Grade Technology has released the latest version of its NVMe RAID solution and it is a shiny one. Instead of using a simple hardware RAID controller, it uses a GPU for heavy lifting. The goal is to keep the NVMe drive at the highest level of performance. Apparently, that’s exactly what it could do.
The product is called SupremeRAID SR-1010, and is a hardware RAID controller for NVMe and NVMeof (NVMe over fiber) storage. It was billed as a solution “designed to provide the full potential of the PCIe Gen4 system.” It does this by using an Nvidia RTX A2000 GPU instead of a standard RAID controller. This gives it far more computational power than software RAID or other hardware solutions. The grade claims that it can hit speeds up to 110GB / s for a 512K sequential text with 22GB / s writing. For comparison, it says “high-end hardware RAID” can add a read speed of 13.5GB / s with only 4GB / s of text. It can achieve 19 million 4K random read IOPS compared to 3.5 million from other devices. The card runs on a PCIe Gen 4 X16 interface and supports RAID 0, 1, 5, 6, 10 on 32 NVMe SSDs. It supports Linux and Windows, but only Windows Server 2019 and 2022. You can check out the storage review that took it out of the anti-static bag below.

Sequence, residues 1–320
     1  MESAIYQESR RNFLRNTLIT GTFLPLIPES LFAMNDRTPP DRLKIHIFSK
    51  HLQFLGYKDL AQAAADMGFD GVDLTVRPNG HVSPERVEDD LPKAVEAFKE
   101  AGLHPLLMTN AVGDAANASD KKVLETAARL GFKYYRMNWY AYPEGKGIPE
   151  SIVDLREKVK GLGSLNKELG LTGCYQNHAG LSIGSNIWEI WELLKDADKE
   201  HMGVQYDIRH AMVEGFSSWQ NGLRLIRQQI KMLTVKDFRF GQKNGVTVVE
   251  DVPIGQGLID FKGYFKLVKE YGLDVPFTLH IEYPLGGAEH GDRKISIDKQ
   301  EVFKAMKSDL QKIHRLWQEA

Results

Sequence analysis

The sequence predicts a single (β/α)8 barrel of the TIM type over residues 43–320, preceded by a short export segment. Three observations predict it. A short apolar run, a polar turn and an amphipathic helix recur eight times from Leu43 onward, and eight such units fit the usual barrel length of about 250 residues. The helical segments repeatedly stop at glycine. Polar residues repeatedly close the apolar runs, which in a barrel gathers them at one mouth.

This is an upgraded version of the previous drive, the SR-1000. The previous model was equipped with aa PCIe Gen 3 interface and Turing GPU. Both PCIe Gen 4 and an Ampere-based A2000 GPU have now been upgraded. This is a 70W professional card with 6GB or 12GB GDDR6 ECC. The main advantage of a GPU-based design is that it is much faster than a traditional hardware RAID controller. It offloads all I / O to the RAID card instead of the CPU. Grade says that a typical software RAID setup using the CPU can tap only ten to 20 percent of SSD performance, while using all the power of the CPU to do so.
The grade solution is of course a unique piece of hardware. The site notes that NVMe SSDs are too fast for conventional RAID adapters, and two PCIe Gen 4 SSDs can complement a modern RAID controller. Start adding more drives to the array and you immediately encounter an obstacle. Software RAID works, but again, consumes all the cycles of a CPU and provides poor performance. This makes it a costly endeavor to fit a 20-plus SSD on a server rack. Not to mention that your performance will be less than optimal. The SR-1010 will be available on May 1 but the price has not been disclosed. Based on the specs, this is probably one of those “if you have to ask” situations.